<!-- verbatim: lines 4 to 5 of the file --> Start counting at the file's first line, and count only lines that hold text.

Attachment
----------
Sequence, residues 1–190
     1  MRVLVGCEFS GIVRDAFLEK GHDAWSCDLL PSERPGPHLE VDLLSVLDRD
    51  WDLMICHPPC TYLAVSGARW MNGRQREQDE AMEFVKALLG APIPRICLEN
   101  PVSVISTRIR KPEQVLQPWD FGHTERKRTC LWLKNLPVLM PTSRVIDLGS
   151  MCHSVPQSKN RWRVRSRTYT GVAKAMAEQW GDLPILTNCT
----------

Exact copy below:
   101  PVSVISTRIR KPEQVLQPWD FGHTERKRTC LWLKNLPVLM PTSRVIDLGS
   151  MCHSVPQSKN RWRVRSRTYT GVAKAMAEQW GDLPILTNCT